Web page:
The previous mayor also ignored Alternative Futures estimates on water availability, which were based on mathematical models and geographic information system data, among others. "He has told us that there is no water. Very knowledgeable voices from outside, with every intention to help, tell us that our main source of water, San Juan Londó, can only sustain 20,000 residents. They tell us that to grow more would mean depleting that aquifer sooner or later," the former mayor said at that time, claiming that Loreto pumps 9.7 million liters of water from the aquifer, of which a large quantity is wasted due to inefficient management. He also claimed that a modern, efficient system would provide water for 35,000 residents without pumping one more cubic meter from San Juan Londó, and he asked for financing for this purpose.

What is clear, as Kiy notes, is that "It is irresponsible to plan a large-scale development without determining where the water and energy will come from," and he explains that those are the reasons for which Loreto has not seen much development.

The water situation in Loreto is uncertain and the only point nearly all stakeholders agree on is that there is not enough of it. The Loreto Hotel Association, in one of the proposals submitted at the public consultation on the Subregional Program, is emphatic on this point: " Because of the high degree of uncertainty on the amount of water available, we propose strictly limiting the number of hotel rooms to 3,500, which implies a population of 59,500 ." The Association also advises that development be gradual until conclusive studies have been completed.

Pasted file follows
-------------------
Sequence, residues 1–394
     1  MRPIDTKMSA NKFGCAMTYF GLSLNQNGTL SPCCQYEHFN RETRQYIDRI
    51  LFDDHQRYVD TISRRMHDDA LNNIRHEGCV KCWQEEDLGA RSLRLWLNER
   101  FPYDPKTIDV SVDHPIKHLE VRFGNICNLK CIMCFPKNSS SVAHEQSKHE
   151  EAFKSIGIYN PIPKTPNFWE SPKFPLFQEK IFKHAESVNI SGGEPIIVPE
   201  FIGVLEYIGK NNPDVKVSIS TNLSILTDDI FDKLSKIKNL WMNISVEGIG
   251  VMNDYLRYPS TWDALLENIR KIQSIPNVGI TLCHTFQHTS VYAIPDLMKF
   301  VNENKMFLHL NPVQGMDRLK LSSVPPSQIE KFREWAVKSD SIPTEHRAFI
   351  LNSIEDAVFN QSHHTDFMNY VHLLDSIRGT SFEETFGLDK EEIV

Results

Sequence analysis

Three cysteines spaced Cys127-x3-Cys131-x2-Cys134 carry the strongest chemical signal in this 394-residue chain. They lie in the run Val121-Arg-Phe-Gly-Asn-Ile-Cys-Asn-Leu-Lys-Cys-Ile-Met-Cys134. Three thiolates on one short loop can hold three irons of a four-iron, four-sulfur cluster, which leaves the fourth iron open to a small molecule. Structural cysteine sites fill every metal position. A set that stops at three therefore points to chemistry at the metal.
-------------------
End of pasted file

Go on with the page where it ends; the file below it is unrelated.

The Association points out, moreover, that the estimated figure of 10 million cubic meters of annual recharge given in the 1986 geohydrological study of the San Juan Londó basin by the National Autonomous University of Mexico (UNAM) is impossible, since, according to the National Water Commission, average annual precipitation is 5.9 million cubic meters. The Association adds that the mathematical model used by the University of Arizona estimates a maximum annual recharge of two million cubic meters. Currently, three million cubic meters are being pumped for Loreto and four million cubic meters for the agricultural area of San Juan Londó. Hence, based on per-inhabitant consumption data, in the best case scenario, water availability limits growth to 30,000 residents, while in the worse case scenario, the aquifer is currently being overpumped and will experience saline intrusion between 2015 and 2025, even without population growth.